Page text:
Want to start from Day One, to raise the healthiest possible chicks? Here are chick-feed formulas from the farm kitchens of 1912.

Feed Producers
This is an informational website only. But our Feed Producers may well be able to supply your needs. Please go to the Feed Producers page if you are looking to buy or sell Chicken Feed products. Alternatively, you may ask hundreds of professional chicken farmers anything under the sun if you join a chicken-oriented group in YahooGroups. The PasturePoultry and the ChickenFeed groups are especially helpful for feed information (note: copy these names exactly when searching at YahooGroups :-)
Feed Producers is a list (continually updated here at ChickenFeed) of producers of natural, "biological" and/or organic chicken feeds and feed supplements

Online Experts
The cream of the crop, in ChickenFeed's opinion. People who come through on questions about nutrition of poultry, sources of farm and poultry products, services and information, practical advice, and anything we haven't thought of yet!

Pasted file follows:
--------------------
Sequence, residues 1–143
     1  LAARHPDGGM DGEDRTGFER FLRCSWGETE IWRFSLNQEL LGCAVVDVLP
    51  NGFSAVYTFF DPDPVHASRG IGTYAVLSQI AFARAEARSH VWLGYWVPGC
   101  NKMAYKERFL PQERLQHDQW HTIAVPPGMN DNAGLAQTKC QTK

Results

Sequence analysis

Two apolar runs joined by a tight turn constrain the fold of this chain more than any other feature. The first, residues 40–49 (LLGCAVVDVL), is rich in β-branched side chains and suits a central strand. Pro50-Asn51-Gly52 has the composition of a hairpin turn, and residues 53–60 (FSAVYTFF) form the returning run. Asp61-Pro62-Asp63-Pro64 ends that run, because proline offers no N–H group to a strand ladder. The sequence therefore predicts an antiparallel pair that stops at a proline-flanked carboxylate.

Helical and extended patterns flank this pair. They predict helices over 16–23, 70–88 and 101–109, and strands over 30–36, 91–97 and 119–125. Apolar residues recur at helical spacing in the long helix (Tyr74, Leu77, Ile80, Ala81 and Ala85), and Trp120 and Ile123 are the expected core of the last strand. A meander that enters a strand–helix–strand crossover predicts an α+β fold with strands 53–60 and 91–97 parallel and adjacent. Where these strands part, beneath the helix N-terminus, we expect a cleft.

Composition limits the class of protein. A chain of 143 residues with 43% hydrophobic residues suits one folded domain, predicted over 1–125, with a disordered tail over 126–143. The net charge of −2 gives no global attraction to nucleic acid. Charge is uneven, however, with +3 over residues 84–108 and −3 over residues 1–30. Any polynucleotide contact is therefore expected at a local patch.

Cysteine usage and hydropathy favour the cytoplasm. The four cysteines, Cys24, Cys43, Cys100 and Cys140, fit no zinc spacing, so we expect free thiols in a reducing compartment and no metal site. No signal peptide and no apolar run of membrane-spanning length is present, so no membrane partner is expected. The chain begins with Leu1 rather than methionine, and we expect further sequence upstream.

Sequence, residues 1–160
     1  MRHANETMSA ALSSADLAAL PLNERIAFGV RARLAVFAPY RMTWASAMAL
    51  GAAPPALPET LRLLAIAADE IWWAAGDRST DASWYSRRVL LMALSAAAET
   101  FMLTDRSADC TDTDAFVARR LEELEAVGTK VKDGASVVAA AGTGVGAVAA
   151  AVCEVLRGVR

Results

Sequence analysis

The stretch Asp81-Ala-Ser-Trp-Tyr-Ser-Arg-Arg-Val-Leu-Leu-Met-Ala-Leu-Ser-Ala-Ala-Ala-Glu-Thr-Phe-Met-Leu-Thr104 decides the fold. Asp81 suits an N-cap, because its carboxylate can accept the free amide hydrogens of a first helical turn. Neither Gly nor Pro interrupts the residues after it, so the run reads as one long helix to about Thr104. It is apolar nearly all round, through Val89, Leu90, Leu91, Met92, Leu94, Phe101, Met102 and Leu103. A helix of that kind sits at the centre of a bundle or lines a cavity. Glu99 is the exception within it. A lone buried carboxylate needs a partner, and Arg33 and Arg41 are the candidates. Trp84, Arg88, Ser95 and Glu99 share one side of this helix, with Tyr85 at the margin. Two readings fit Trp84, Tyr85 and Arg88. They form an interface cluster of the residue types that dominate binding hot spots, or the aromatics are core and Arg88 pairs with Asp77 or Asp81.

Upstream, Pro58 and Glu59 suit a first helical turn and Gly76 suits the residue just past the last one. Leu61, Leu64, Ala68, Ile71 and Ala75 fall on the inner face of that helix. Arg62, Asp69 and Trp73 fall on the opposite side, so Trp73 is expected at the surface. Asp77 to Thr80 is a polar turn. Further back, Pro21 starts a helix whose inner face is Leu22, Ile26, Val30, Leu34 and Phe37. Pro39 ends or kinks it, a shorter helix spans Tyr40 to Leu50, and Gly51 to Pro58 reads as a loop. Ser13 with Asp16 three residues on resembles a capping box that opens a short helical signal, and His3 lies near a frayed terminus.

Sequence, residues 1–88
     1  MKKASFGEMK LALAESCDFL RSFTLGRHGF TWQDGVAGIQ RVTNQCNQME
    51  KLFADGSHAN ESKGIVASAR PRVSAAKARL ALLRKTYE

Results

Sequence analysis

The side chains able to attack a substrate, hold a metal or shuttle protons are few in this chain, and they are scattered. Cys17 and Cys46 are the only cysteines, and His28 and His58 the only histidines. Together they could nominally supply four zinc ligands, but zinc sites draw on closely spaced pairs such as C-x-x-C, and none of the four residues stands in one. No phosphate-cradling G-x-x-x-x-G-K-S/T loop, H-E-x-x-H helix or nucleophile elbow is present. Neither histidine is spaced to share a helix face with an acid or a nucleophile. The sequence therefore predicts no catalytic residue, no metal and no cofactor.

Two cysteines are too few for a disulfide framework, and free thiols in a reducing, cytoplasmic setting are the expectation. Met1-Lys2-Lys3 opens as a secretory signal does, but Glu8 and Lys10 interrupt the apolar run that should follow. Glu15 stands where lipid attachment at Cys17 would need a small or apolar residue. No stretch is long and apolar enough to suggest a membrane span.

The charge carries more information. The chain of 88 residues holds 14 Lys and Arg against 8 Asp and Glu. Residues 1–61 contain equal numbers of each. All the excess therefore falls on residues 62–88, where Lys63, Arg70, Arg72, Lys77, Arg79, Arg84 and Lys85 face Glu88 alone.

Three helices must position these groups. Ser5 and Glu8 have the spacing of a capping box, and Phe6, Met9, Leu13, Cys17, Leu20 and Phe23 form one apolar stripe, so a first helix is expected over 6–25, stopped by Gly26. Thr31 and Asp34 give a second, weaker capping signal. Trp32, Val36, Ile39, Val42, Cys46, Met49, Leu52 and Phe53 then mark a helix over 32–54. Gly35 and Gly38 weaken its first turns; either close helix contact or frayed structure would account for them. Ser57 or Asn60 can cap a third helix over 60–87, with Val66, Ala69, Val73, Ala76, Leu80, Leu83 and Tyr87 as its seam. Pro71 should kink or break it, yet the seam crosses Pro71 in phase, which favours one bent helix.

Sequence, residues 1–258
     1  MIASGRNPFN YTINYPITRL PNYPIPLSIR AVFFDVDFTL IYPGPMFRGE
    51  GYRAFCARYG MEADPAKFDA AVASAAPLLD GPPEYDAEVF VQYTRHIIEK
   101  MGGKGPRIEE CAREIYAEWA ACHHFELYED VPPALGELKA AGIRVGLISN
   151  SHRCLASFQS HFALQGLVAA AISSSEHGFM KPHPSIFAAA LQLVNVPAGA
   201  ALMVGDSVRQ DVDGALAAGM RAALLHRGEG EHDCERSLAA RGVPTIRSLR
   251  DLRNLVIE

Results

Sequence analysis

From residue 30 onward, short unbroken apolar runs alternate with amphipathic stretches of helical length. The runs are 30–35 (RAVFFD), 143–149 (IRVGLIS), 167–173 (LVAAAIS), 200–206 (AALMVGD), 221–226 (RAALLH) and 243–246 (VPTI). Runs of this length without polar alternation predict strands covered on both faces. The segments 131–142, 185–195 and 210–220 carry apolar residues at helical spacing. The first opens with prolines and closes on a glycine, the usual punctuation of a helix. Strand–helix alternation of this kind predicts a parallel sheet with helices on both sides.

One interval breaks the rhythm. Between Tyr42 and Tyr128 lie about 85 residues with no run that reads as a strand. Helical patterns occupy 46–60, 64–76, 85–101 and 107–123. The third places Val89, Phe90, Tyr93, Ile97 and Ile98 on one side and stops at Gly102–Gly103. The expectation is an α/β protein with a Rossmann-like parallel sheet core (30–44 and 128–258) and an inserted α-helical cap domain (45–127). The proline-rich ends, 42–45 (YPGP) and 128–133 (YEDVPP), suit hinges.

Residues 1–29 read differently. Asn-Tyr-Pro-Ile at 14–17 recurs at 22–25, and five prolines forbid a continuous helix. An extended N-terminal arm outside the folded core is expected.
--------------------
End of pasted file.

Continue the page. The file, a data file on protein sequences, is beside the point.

Pastured Poultry
Move the flock across their food ~~~ open grassland ~~~ instead of bringing the food to them. Creates amazing health and quality, besides creating extremely fertile acreage wherever the "chicken tractor" is moved.

Farms Selling Eggs
Farms around the country that sell REAL eggs, and other nutritous things. See pictures, phone them with questions, and best of all, if you find some in your State, visit and buy.

Worms for Feed
Mix your garbage and leaves to make pounds of top-quality protein, as fresh as it gets, too. Farmers everywhere are saying,
"Why didn't we start this long ago?"

List of what's in commercial feeds, according to the label

About Nutrition